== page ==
Serial mania has propelled podcasts into the cultural mainstream

    How podcasts became mainstream

    People have consumed gripping armchair investigation Serial with a relish typically reserved for box-set binges
    Jesus Christ has become an unlikely pin-up for hipster marketing companies

    Jesus Christ has become an unlikely pin-up

    Kevin Lee Light, aka "Jesus", is the newest client of creative agency Mother while rival agency Anomaly has launched Sexy Jesus, depicting the Messiah in a series of Athena-style poses
    Rosetta space mission voted most important scientific breakthrough of 2014

    A memorable year for science – if not for mice

    The most important scientific breakthroughs of 2014
    Christmas cocktails to make you merry: From eggnog to Brown Betty and Rum Bumpo

    Christmas cocktails to make you merry

    Mulled wine is an essential seasonal treat. But now drinkers are rediscovering other traditional festive tipples. Angela Clutton raises a glass to Christmas cocktails
    5 best activity trackers

    Fitness technology: 5 best activity trackers

    Up the ante in your regimen and change the habits of a lifetime with this wearable tech
    Paul Scholes column: It's a little-known fact, but I have played one of the seven dwarves

    Paul Scholes column

    It's a little-known fact, but I have played one of the seven dwarves
    Fifa's travelling circus once again steals limelight from real stars

    Fifa's travelling circus once again steals limelight from real stars

    Club World Cup kicked into the long grass by the continued farce surrounding Blatter, Garcia, Russia and Qatar
    Frank Warren column: 2014 – boxing is back and winning new fans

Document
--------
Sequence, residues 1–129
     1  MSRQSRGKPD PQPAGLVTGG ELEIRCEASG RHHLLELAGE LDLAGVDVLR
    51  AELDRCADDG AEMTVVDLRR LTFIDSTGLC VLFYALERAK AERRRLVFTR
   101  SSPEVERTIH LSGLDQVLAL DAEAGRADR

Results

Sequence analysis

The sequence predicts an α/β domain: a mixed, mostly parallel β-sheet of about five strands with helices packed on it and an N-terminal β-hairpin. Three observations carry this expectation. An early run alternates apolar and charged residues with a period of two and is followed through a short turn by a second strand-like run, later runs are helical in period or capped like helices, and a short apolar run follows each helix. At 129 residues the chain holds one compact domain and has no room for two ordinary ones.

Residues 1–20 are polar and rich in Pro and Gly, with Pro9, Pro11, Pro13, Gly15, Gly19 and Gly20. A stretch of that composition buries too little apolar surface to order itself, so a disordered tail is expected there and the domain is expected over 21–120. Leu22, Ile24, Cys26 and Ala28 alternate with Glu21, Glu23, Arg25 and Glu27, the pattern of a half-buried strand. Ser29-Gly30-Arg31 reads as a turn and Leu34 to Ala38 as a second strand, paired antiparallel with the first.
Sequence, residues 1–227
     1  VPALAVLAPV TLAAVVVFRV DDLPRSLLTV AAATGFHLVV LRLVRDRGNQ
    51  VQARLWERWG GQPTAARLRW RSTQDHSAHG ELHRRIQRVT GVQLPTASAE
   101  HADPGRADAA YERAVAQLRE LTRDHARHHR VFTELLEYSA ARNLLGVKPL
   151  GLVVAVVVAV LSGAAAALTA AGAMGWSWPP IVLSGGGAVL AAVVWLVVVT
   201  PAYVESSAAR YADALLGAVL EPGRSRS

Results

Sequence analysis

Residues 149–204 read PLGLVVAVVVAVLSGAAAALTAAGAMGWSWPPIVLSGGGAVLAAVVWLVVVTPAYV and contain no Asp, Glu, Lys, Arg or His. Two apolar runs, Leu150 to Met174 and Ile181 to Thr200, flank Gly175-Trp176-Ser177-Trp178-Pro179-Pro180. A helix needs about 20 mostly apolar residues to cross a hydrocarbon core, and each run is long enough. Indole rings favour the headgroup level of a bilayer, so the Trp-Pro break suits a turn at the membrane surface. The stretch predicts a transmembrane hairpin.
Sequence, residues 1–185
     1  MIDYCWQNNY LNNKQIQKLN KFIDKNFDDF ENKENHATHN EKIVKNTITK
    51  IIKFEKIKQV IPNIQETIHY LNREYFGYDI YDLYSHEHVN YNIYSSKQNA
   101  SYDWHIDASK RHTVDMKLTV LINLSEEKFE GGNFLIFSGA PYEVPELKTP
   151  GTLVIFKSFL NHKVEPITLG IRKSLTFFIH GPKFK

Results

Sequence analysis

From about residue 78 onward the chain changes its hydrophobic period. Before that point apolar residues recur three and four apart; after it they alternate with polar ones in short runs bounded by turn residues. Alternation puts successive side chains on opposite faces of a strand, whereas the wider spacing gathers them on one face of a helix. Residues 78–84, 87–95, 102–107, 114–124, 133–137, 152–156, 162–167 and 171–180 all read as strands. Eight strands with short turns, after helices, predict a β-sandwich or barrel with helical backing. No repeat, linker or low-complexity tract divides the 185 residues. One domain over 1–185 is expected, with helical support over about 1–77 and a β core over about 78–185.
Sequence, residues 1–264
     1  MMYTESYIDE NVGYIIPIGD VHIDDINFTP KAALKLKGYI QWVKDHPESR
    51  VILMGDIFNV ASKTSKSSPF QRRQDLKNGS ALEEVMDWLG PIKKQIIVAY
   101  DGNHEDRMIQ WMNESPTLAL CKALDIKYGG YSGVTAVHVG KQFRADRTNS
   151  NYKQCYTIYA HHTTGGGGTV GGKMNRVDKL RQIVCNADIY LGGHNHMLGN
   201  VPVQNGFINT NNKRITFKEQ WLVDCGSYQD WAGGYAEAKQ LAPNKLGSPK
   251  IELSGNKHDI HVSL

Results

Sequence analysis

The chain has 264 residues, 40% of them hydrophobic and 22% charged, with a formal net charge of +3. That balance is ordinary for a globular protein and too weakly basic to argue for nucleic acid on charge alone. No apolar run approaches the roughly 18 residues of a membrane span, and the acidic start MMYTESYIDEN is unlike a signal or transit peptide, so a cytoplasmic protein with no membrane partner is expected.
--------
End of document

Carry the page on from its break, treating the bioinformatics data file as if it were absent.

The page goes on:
Frank Warren: Boxing is back and winning new fans

    2014 proves it's now one of sport's biggest hitters again
    Jeb Bush vs Hillary Clinton: The power dynamics of the two first families

    Jeb Bush vs Hillary Clinton

    Karen Tumulty explores the power dynamics of the two first families
    Stockholm is rivalling Silicon Valley with a hotbed of technology start-ups

    Stockholm is rivalling Silicon Valley

    The Swedish capital is home to two of the most popular video games in the world, as well as thousands of technology start-ups worth hundreds of millions of pounds – and it's all happened since 2009
    Did Japanese workers really get their symbols mixed up and display Santa on a crucifix?

    Crucified Santa: Urban myth refuses to die

    The story goes that Japanese store workers created a life-size effigy of a smiling "Father Kurisumasu" attached to a facsimile of Our Lord's final instrument of torture
    Jennifer Saunders and Kate Moss join David Walliams on set for TV adaptation of The Boy in the Dress

    The Boy in the Dress: On set with the stars

    Walliams' story about a boy who goes to school in a dress will be shown this Christmas